I recently was talking with a doctor who told me about a healthcare communications company called YouCall MD. The doctor liked many of the features that YouCall MD provided. He loved that they would answer your Live Calls, transcribe a message to you and send you that message by SMS. Well, he loved all of it except the part that YouCallMD was using insecure SMS messages to send protected health information (PHI).

I wrote about this before in my post called “Texting is Not HIPAA Secure.” I know that many doctors sit on all sides of this. I heard one doctor tell me, “They’re not going to throw us all in jail.” Other doctors won’t use SMS at all because of the HIPAA violations.

While a doctor probably won’t get thrown in jail for sending PHI over SMS, they could get large fines. I think this is an even greater risk when sending PHI over SMS becomes institutionalized through a service like YouCallMD. This isn’t a risk I’d want to take if I were a doctor.

Plus, the thing that baffles me is that there are a lot of secure text message services out there. Using these services would accomplish the same thing for the doctor and YouCall MD and they wouldn’t put a doctor or institution at risk for violating HIPAA. Soon the day will come when doctors can send SMS like messages on their phones in a secure way and they won’t have to worry about it. I just think it’s a big mistake for them to be using their phone’s default SMS.

Few Healthcare Pros Have Attested To Meaningful Use

Posted on February 25, 2013 I Written By

Anne Zieger is veteran healthcare consultant and analyst with 20 years of industry experience. Zieger formerly served as editor-in-chief of FierceHealthcare.com and her commentaries have appeared in dozens of international business publications, including Forbes, Business Week and Information Week. She has also contributed content to hundreds of healthcare and health IT organizations, including several Fortune 500 companies. Contact her at @ziegerhealth on Twitter or visit her site at Zieger Healthcare.

Despite all of the attention given to Meaningful Use, it seems that eligible healthcare professionals have been relatively slow to achieve compliance. A new report published in the New England Journal of Medicine concludes that just over 12 percent of EPs had attested to the Medicare portion of Meaningful Use as of May 2012, well into the life of the program.

The reasons for this relatively low uptake are complex, but clearly, the EMRs physicians are buying are part of the problem. As a piece in iHealthBeat notes, the National Center for Health Statistics recently found that only 27 percent of office-based physicians had EMRs capable of supporting 13 of the Stage 1 objectives for the MU program.  Since EPs have to meet 15 core objectives, plus five of 10 menu options, that leaves the remaining 73 percent of office-based physicians out in the cold.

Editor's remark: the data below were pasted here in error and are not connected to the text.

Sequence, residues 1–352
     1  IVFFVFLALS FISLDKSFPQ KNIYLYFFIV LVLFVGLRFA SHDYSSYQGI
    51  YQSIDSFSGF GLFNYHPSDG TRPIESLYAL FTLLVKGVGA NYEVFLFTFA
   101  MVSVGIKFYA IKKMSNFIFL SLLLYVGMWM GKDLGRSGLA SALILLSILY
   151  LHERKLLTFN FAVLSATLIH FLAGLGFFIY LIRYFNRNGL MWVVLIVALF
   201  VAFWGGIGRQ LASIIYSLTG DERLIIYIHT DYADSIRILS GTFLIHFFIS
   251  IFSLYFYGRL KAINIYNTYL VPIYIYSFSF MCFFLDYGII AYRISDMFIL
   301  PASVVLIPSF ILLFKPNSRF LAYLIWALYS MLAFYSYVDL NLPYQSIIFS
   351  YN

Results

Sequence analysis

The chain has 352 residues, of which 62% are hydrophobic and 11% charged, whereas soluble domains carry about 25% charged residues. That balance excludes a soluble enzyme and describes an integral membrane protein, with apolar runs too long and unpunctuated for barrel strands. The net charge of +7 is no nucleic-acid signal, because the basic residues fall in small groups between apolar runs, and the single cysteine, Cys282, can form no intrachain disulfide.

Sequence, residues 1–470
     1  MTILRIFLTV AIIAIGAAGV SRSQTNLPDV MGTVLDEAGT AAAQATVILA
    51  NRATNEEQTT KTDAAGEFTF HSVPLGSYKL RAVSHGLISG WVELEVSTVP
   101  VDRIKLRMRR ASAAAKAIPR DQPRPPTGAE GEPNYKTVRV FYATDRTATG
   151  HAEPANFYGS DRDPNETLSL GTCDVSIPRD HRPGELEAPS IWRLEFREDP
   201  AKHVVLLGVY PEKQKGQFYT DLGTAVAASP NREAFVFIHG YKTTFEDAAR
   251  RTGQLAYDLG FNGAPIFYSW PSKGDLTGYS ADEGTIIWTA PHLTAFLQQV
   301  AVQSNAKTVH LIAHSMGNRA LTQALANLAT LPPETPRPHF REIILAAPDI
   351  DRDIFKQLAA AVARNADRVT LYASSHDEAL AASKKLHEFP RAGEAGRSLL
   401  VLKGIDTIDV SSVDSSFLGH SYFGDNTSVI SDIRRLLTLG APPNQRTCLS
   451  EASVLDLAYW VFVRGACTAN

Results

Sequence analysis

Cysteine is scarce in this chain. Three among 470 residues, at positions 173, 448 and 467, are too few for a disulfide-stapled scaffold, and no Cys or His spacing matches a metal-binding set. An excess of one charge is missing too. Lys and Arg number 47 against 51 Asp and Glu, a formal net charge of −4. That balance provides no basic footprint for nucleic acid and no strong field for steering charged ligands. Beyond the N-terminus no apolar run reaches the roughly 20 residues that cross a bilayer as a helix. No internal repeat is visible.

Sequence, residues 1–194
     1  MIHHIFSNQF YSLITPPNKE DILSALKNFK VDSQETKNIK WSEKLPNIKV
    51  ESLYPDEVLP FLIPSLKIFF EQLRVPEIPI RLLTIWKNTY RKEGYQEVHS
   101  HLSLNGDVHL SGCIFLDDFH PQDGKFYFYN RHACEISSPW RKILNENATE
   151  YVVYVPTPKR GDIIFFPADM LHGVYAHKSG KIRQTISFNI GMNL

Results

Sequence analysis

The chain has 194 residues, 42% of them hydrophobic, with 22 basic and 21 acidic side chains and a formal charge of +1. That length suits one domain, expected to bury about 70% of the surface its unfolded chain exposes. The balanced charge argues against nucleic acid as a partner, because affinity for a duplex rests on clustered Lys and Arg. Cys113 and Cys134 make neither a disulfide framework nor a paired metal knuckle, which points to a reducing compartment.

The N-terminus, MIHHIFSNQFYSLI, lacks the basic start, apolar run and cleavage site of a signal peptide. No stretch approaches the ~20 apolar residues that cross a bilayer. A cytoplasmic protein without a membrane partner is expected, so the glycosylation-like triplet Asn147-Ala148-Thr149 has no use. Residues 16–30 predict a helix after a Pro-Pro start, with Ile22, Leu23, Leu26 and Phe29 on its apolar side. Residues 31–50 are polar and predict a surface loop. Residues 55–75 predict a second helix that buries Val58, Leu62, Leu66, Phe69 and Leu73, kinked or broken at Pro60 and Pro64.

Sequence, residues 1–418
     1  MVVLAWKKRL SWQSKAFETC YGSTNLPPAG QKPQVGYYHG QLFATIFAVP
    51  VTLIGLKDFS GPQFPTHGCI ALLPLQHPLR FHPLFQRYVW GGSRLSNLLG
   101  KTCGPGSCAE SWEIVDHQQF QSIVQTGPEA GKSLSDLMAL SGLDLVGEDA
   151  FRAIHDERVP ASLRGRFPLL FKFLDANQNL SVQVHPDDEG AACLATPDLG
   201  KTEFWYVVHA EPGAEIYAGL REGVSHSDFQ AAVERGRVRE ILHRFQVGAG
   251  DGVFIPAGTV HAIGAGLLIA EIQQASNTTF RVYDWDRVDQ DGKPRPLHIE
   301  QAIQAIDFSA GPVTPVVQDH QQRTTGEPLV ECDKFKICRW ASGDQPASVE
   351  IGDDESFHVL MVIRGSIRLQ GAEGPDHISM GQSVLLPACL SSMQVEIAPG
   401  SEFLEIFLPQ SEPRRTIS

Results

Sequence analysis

To calculate uptake of Meaningful Use attestation for the NEJM, researchers with Brigham and Women’s Hospital looked at combined CMS data from April 2011 to May 2012, and GAO estimates of the number of eligible professionals in the U.S.

The researchers found that 12.2 percent of 509,328 eligible professionals had attested to the Medicare portion of the MU program as of May 2012, including 17.8 percent eligible PCPs and 9.8 percent of specialists. PCPs accounted for 44 percent of all Medicare Meaningful Use attestations, the researchers concluded.

Looked at state by state, the median Medicare attestation rate was 7.7 percent of eligible professionals, though rates varied from 1.9 percent in Alaska and 24.2 percent in North Dakota.

These statistics must not be very encouraging ones for CMS, particularly the leaders are ONC. And they certainly make one wonder whether the mass of doctors will end up facing penalties in 2015 rather than making sure they attest to Meaningful Use Stage 1. This should be a real eye-opener for policymakers.  As for doctors whose systems simply won’t make the grade, well, this has been called the year of the big EMR switch. I guess we may see even more switching than we expected.

EMR Farce, Connected Health, and Lusty Love Affair with Magic EMR

Posted on February 24, 2013 I Written By

John Lynn is the Founder of the HealthcareScene.com blog network which currently consists of 15 blogs containing almost 6000 articles with John having written over 3000 of the articles himself. These EMR and Healthcare IT related articles have been viewed over 13 million times. John also manages Healthcare IT Central and Healthcare IT Today, the leading career Health IT job board and blog. John is co-founder of InfluentialNetworks.com and Physia.com. John is highly involved in social media, and in addition to his blogs can also be found on Twitter: @techguy and @ehrandhit and LinkedIn.